Reinventing Broccoli

woman eating broccoli floret with fork

Broccoli can be a divisive vegetable. Some love it, others, do not.  If you fall into the latter category, here are 3 reasons to try this nutritious crucifer again. If they don’t persuade you, try recreating broccoli with the delicious recipes below.

WHY EAT BROCCOLI?

1. Broccoli Can Help Reduce Risk of Osteoporosis

Broccoli is high in vitamin K and is also a source of calcium. Vitamin K plays a critical role in activating a hormone called osteocalcin. Osteocalcin allows for the binding of calcium to the bone matrix which helps develop and maintain a strong, dense skeleton.

2. Broccoli is Good For the Heart

Broccoli is good for your heart in multiple ways. First off, it is a great source of folate. Folate is required to metabolize the amino acid homocysteine. High levels of homocysteine are an independent risk factor  for heart disease.  Folate is involved in converting damaging homocysteine into innocuous methionine.Heart shaped symbol with cogs and gears - love or cardiology concept

For every 10 calories of broccoli you receive 1 gram of fibre, that is a fantastic ratio. The fibre in broccoli, especially lightly cooked broccoli, binds to our cholesterol-filled bile acids and removes them from our body.  Our liver must, therefore, draw on our existing supply of cholesterol to make more bile. The net result, is that broccoli can lower our cholesterol levels.

Broccoli and other cruciferous vegetables contain glucosinolates which are sulfur-containing compounds with anti-inflammatory (and anti-cancer) properties. Chronic inflammation is thought to be a causative factor in heart disease.

Finally, broccoli provides a good dose of antioxidants in the form of vitamin C, beta-carotene, other carotenoids, and quercitin. These antioxidants help lower oxidative stress within the body which is another risk factor for heart disease.

3. Broccoli Can Help Regulate Blood Sugar

Broccoli is also an excellent source of chromium. As many as 90% of North Americans may be low in chromium. Chromium enhances the role of insulin in driving blood sugar out of our blood and into our cells.  It may help those with diabetes lower their circulating blood glucose levels.

Low chromium levels can have deleterious effects on the body, such as, increasing blood sugar, triglycerides, and cholesterol levels, thereby raising one’s risk of developing diabetes and heart disease.

So that’s why broccoli is good for us. But who really cares unless it tastes good, right? If you usually avoid this delightful green veggie; I challenge you to try the recipes below and see if I can’t turn you from a broccoli-skeptic into a broccoli-phile.

FOR THE GARLIC LOVERS:

BROCCOLI WITH ANCHOVIES & LOTS OF GARLICphoto (2)

Serves 2 as a main and 4 as a side

  • 1-2 heads of broccoli
  • Drizzle of olive oil
  • 1 tin of anchovies
  • 3 cloves of garlic
  • Red pepper flakes (to taste)

Preparation

Crush garlic and let it rest for 10 minutes. Cut the broccoli into florets and slice the stem. Sauté in pan with olive oil for 2- 3minutes. Add anchovies, garlic and red pepper flakes and stir frequently. Breakdown the anchovies with the back of your spoon. Add a splash of water or white wine to deglaze the pan and cover with lid so broccoli can steam for 2 minutes or until is broccoli tender but not mushy.

If serving as a main course, add a half cup of your favourite whole grain like quinoa, wild rice, millet or lentils also work well in this dish.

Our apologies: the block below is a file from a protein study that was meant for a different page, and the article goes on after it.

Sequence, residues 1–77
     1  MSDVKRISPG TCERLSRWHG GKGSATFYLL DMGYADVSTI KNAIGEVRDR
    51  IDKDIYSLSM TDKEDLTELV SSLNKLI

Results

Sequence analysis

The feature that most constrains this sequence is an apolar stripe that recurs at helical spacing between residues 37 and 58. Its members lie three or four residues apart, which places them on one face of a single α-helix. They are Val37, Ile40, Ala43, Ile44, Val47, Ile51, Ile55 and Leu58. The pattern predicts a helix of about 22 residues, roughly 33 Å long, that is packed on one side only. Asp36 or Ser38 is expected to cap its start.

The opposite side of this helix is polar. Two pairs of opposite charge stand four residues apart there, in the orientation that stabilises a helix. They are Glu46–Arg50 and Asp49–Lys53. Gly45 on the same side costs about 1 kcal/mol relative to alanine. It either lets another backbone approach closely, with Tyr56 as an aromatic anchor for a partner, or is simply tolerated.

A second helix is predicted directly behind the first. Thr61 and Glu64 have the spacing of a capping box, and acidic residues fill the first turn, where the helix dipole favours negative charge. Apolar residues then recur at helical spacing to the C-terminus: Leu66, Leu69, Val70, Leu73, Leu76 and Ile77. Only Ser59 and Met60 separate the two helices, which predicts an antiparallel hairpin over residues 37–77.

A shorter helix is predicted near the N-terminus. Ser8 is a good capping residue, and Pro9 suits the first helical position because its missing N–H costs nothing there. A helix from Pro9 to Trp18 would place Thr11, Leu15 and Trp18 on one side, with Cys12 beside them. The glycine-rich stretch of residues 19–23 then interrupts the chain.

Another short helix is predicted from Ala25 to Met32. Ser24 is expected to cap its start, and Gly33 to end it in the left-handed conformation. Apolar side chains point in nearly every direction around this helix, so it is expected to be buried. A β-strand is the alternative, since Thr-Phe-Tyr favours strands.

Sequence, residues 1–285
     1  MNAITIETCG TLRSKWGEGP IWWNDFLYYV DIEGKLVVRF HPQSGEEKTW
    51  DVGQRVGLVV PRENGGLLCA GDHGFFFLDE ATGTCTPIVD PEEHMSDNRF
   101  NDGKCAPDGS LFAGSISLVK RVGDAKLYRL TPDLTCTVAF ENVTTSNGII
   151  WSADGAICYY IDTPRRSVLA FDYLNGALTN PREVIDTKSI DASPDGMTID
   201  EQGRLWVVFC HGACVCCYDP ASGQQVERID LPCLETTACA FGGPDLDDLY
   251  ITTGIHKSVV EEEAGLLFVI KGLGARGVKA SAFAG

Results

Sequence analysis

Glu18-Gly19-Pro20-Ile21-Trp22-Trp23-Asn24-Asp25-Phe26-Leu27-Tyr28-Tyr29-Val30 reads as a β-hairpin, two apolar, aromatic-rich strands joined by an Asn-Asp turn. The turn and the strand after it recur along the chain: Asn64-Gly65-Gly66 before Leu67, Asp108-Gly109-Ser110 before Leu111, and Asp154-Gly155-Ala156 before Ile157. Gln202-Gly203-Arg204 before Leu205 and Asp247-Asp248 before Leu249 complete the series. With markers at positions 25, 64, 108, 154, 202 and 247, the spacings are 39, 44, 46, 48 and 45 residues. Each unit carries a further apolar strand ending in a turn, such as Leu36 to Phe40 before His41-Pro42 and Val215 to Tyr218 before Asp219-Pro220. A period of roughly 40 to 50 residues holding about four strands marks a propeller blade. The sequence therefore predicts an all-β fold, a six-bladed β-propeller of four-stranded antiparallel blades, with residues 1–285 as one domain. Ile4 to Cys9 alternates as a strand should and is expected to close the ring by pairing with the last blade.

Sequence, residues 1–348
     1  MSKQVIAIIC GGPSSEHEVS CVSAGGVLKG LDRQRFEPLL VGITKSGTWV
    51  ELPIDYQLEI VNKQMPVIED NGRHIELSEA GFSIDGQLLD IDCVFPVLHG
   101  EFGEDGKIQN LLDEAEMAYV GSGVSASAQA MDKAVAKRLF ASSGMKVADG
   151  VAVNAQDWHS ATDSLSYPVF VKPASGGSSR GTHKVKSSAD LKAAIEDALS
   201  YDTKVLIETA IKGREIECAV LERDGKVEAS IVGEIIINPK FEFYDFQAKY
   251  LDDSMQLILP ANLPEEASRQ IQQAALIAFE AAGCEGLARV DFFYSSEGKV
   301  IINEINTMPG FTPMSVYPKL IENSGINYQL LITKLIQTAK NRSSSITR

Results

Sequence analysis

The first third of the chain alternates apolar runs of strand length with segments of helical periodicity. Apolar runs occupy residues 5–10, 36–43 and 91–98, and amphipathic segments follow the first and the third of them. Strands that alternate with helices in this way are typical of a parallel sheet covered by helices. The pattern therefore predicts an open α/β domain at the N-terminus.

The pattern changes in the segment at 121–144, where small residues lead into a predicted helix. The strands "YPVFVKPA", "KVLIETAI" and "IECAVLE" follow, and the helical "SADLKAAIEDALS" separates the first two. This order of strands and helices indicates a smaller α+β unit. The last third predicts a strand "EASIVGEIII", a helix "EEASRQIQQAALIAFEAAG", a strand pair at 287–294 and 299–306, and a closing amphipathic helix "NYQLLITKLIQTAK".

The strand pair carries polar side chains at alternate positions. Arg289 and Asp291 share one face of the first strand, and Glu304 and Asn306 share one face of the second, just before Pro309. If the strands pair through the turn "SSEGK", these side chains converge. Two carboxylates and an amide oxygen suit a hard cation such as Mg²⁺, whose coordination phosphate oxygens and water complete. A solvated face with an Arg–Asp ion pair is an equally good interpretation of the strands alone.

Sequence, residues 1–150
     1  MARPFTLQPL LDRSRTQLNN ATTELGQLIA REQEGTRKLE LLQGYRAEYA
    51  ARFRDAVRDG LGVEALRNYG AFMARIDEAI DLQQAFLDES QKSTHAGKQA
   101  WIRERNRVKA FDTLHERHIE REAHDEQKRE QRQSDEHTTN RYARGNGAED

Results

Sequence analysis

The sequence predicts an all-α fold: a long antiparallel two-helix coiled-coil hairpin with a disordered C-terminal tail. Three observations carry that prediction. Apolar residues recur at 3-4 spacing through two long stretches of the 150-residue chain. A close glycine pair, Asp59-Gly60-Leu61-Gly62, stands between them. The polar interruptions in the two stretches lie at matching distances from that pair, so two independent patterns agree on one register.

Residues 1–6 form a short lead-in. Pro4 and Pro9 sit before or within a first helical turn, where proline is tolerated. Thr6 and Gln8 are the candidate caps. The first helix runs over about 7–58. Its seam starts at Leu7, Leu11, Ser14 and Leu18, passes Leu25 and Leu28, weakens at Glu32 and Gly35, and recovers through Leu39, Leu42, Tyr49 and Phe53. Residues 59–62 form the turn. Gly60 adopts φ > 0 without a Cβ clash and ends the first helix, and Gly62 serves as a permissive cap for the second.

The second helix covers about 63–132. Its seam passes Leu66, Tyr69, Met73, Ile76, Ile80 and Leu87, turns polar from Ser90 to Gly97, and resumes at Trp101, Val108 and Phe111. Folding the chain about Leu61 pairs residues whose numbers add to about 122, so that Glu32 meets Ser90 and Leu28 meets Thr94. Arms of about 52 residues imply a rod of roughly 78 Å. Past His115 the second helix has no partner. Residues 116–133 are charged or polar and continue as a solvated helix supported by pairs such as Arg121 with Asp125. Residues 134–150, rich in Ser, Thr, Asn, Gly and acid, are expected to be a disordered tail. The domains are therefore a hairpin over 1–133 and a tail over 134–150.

FOR THE SPICE LOVER:

BROCCOLI CHICK PEAS & ITALIAN TURKEY SAUSAGES

Serves 4

Ingredients

  • 2 heads broccoli
  • 4 hot Italian turkey sausages
  • 2 tablespoons extra virgin olive oil
  • 1 small white onion, diced
  • ¼ cup of white wine
  • 2 garlic cloves, minced
  • 1 cup diced canned tomatoes, drained
  • 1-  375 ml can chickpeas, drained and rinsed
  • Chopped flat leaf parsley

Preparation

Cook sausages under grill, turning frequently until cooked through. In the meantime, mince garlic and let rest. Cut the broccoli into florets and slice the stem (leave the last few inches of the stem as it will get very fibrous and woody).

Add olive oil and diced onion to pan and sauté over medium heat until onion becomes translucent, about 2 minutes.  Add crushed garlic and broccoli stirring frequently for 2 minutes. Add white wine and tomatoes. Partially cover pan and cook until broccoli is tender, about 5 minutes.  Cut cooked sausages into bite size pieces and add to pan along with chickpeas to heat through. Serve with chopped flat leaf parsley.

FOR THE SOUP (& CHEESE) LOVERS:

 

BROCCOLI & STILTON SOUPBowl of Broccoli and Stilton Soup

Serves 4

Ingredients

  • 2 tbsp olive oil
  • 1 onion, finely chopped
  • 1 stick celery, sliced
  • 1 leek, sliced
  • 1 medium potato, peeled and diced
  • 4 cups of low sodium chicken stock
  • 1 head broccoli, roughly chopped
  •  2 ounces Stilton, crumbled (or substitute cheddar or mild cheese if serving to children)

Heat olive oil in a large saucepan and then add the onions. Cook on a medium heat until soft. Add a splash of water or white wine if the onions start to catch. Add the celery, leek and diced potato. Stir, then cover with a lid for about 5 minutes.

Pour in the stock and add broccoli stems only (not the florets). Cook for about 10 minutes or until all the vegetables are soft. Add the rest of the broccoli and cook for a further 5 minutes.

Using a slotted spoon remove a handful of florets to keep whole for garnish. Carefully transfer the rest of soup to a blender and blitz until smooth. Pour into serving bowls and crumble the Stilton and florets on top. Substitute with your own favourite cheese if Stilton is not a favourite.  Season with black pepper (if desired) and serve.

 

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